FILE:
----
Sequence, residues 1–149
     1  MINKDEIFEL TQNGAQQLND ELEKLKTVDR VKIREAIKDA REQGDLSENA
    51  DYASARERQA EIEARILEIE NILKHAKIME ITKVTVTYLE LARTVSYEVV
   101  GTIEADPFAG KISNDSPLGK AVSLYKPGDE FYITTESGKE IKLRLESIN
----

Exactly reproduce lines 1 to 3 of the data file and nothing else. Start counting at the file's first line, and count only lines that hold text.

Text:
Sequence, residues 1–149
     1  MINKDEIFEL TQNGAQQLND ELEKLKTVDR VKIREAIKDA REQGDLSENA
    51  DYASARERQA EIEARILEIE NILKHAKIME ITKVTVTYLE LARTVSYEVV